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MEPS
Marine Ecology Progress Series

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MEPS 420:135-144 (2010)  -  DOI: https://doi.org/10.3354/meps08850

Behavioral responses to variable predation risk in the California spiny lobster Panulirus interruptus

Chad L. Loflen1,2,*, Kevin A. Hovel1

1Department of Biology, San Diego State University, 5500 Campanile Drive, San Diego, California 92182, USA
2Present address: California Water Quality Control Board–San Diego Region, 9174 Sky Park Court, Suite 100, San Diego, California 92123, USA

ABSTRACT: Shelter dwelling and gregariousness are behavioral strategies used by benthic marine organisms to reduce the risk of predator-induced mortality. For spiny lobsters, the relative and synergistic success of shelter dwelling and aggregation in reducing mortality may vary with the perceived risk of predation as well as the availability and size distribution of conspecifics and shelters. We tested how these factors influence antipredator behavior in the California spiny lobster Panulirus interruptus in southern California kelp forests. We measured shelter and lobster characteristics, predator density, relative lobster mortality outside of shelter, and quantified lobster antipredator behaviors in (1) the La Jolla Ecological Reserve (LJER), a marine protected area with high densities of large fishes known to be lobster predators, and (2) the Point Loma kelp forest, a nearby, heavily fished area. Predator densities and the relative mortality of tethered juvenile and adult lobsters were much higher in the LJER than in Point Loma, as was mean lobster size. In response to higher predation risk, solitary lobsters in the LJER used shelters more closely scaled to their body size than lobsters in Point Loma, thereby restricting predator access to shelters. In addition, aggregations of 2 or more lobsters were more frequent than expected by chance in the LJER, but not in Point Loma. Lobsters in Point Loma commonly were found outside of shelter during the day, whereas no lobsters ever were observed outside of shelter during daylight hours in the LJER. Overall, our results indicate that California spiny lobsters modify their antipredatory behaviors with level of predation risk and that behaviors designed to minimize predator-induced mortality are similar between California spiny lobsters and other spiny lobster species.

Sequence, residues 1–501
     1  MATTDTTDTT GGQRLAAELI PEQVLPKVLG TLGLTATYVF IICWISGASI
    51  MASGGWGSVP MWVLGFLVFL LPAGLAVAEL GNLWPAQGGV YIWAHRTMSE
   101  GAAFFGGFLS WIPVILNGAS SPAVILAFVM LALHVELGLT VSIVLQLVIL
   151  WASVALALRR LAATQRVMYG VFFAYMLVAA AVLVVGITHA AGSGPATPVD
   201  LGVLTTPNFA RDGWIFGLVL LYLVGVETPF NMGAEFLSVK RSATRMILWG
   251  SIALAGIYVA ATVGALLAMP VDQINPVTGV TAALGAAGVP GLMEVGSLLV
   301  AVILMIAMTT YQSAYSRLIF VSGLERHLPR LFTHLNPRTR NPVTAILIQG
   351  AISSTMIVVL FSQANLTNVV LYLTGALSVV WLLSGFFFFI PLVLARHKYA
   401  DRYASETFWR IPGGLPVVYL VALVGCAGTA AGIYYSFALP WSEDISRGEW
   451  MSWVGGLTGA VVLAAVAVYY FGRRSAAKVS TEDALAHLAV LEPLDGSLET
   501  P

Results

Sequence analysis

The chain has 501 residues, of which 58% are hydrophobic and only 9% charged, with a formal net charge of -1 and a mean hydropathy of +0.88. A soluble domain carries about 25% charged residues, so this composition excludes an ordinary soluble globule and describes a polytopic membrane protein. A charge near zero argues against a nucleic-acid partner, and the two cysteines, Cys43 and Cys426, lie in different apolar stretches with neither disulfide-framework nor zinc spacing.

KEY WORDS: Spiny lobster · Predation · Shelter · Behavior · Panulirus interruptus · Tethering


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Cite this article as: Loflen CL, Hovel KA (2010) Behavioral responses to variable predation risk in the California spiny lobster Panulirus interruptus. Mar Ecol Prog Ser 420:135-144. https://doi.org/10.3354/meps08850

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